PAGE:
The White Savior Industrial Complex is not about justice. It is about having a big emotional experience that validates privilege.” – Teju Cole

And, look, we’re all a little bit codependent (yes, non-POC too).

For many of us whose knee-jerk reaction is to reject this notion that we’re all somewhat “codependent,” think about marketing and how our world thrives off of this; for instance, a good example would be the makeup industry… I found this random comment on Tumblr a while back that I think best explains what I’m talking about here:

“if someone takes power away from you (something you naturally had) to give it back to you piece by piece and only if you do certain things your body YOU ARE NOT BEING EMPOWER YOU ARE BEING TRAINED… cause ppl still don’t get it and get defensive over their right to use makeup… which literally no one including OP is trying to take away from them: What proves that makeup doesn’t empower you – no matter who you are – is the simple fact that you could be feeling just as confident without it but you don’t because the people that are selling it to you are spending your money to make sure you don’t, not because we as humans naturally prefer painted faces! i’m not claiming that everyone feels ugly without it, i’m not saying everyone feels like they have to put on makeup… listen, no one said that… but clearly if you say makeup makes you experience empowerment, there’s a lack of it you feel with your bare and natural body. and that is not normal. that is not how its supposed to be and that is what’s infringing your rights in the first place, what’s taking power away from you and that’s also why makeup can only give back a bit of confidence that was stolen from you in the first place! [sic]”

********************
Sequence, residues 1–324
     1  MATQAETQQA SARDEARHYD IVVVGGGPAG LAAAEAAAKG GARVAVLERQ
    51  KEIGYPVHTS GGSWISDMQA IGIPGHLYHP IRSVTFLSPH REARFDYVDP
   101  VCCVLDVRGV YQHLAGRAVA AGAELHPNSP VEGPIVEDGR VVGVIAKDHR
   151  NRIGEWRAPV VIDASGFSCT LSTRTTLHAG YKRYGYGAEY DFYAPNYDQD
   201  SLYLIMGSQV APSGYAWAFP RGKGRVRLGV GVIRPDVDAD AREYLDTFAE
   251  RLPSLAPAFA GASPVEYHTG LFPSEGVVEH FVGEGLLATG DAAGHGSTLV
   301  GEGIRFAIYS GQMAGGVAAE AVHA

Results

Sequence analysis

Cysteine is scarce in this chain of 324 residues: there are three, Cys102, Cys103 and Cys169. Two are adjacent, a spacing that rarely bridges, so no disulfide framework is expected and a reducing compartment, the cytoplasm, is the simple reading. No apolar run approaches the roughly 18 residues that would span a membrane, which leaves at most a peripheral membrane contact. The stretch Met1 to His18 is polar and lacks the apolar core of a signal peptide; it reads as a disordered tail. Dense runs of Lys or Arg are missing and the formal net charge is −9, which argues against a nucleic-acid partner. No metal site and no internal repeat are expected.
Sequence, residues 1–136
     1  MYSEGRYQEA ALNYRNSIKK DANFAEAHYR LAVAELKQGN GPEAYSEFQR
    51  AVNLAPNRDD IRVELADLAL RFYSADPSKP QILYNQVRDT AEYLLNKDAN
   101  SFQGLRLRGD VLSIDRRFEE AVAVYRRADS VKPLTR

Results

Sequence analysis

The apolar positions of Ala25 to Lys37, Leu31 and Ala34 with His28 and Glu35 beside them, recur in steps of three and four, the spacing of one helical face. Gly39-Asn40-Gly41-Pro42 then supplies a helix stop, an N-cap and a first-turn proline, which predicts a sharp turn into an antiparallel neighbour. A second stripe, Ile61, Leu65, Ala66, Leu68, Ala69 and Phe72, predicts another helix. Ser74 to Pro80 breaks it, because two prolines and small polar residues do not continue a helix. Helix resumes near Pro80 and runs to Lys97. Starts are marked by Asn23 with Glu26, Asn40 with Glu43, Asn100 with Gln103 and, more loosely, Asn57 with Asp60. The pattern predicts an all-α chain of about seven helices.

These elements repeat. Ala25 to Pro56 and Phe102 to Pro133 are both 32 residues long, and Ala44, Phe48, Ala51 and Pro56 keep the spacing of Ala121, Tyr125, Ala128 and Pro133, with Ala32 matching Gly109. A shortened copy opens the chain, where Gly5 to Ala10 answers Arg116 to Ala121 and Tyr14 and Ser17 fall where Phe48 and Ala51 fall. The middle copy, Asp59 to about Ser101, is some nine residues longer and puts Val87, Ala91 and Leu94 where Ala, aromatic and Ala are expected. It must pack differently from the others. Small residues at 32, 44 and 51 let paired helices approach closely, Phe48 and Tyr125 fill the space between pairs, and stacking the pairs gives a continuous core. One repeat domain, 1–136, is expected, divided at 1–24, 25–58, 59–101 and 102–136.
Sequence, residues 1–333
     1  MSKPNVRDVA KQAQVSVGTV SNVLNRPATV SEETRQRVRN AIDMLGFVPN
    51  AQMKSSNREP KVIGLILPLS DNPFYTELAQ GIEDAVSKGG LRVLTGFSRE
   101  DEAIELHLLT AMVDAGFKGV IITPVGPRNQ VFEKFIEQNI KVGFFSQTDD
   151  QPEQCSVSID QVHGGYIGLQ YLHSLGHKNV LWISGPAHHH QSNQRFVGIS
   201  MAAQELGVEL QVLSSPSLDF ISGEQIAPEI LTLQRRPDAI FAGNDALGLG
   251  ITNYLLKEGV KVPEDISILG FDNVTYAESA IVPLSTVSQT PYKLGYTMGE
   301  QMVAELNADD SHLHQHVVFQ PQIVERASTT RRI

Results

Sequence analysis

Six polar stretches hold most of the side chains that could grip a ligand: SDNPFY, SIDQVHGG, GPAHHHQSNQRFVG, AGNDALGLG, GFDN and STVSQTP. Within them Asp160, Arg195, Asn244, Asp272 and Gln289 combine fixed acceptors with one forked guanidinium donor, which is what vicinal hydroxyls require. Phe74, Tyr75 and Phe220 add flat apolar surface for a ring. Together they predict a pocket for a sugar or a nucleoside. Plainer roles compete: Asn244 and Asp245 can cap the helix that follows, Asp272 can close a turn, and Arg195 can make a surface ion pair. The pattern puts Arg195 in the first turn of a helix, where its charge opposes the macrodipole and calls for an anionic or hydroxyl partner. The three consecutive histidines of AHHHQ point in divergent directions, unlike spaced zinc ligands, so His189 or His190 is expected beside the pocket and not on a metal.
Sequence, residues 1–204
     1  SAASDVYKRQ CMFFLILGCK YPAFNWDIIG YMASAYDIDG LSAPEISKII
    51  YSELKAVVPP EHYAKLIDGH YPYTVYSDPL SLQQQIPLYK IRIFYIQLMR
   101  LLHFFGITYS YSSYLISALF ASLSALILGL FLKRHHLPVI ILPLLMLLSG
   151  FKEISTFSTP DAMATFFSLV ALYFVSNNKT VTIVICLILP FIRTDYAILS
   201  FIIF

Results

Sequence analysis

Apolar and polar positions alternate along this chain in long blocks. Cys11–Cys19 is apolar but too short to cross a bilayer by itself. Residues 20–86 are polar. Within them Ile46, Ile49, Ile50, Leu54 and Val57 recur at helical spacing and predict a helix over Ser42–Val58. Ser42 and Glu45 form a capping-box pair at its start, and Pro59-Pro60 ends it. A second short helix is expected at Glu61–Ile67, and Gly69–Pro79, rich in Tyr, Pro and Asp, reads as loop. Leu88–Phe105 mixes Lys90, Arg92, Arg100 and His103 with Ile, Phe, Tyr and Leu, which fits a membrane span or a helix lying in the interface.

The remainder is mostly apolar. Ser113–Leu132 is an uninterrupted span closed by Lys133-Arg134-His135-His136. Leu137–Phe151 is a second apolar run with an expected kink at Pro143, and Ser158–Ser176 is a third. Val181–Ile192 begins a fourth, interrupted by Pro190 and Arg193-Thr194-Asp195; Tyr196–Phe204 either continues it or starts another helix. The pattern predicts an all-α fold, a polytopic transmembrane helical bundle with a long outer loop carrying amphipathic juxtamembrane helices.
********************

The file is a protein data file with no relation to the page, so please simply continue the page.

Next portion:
So, while one might purchase a product to feel powerful, successful, beautiful, or confident… we must remember this isn’t a power we’re experiencing through purchasing it’s a temporary feeling we’re obtaining through marketing.

It’s the cliche quote that says, “YOUR VALUE DOES NOT DECREASE BASED UPON SOMEONE’S INABILITY TO SEE YOUR WORTH.”

Because, as most of us should already know, race isn’t a real thing.

I’m not saying it doesn’t matter… as it obviously does (aforementioned above).

What I’m saying is that it’s mostly just a means of acknowledging groups of people based off of otherwise arbitrary factors. And, similar to nationalities that are created and made up by men who draw lines on maps they are all just imaginary…

It’s mind-numbingly cyclical when one becomes dependent upon the intangibly complex (i.e. a sect of people defined solely by their skin color).

It gets even harder to comprehend when we recognize the fact that no one can strip power away from you and, similarly no one can give you more power than you already had, once before.

“Power” it’s something you naturally have through merely existing.

Now, what some could do is gaslight you into thinking or believing you don’t have power. Again, these are complex issues in which industries are spending billions to confuse us on.

Is diversity an allusion simply used as a means of hiding their bigotry…? My answer is that I’ve personally found more energy in lighting candles than cursing the darkness that engulfs so many of us.


[1] it’s important to note that when I’m referring to “blackness” I’m referring to it in the ontologically symbolic sense of blackness, similar to how James Cone used it as synonymous to the israelites; that is, unless otherwise stated clearly that I’m referring to it as something else.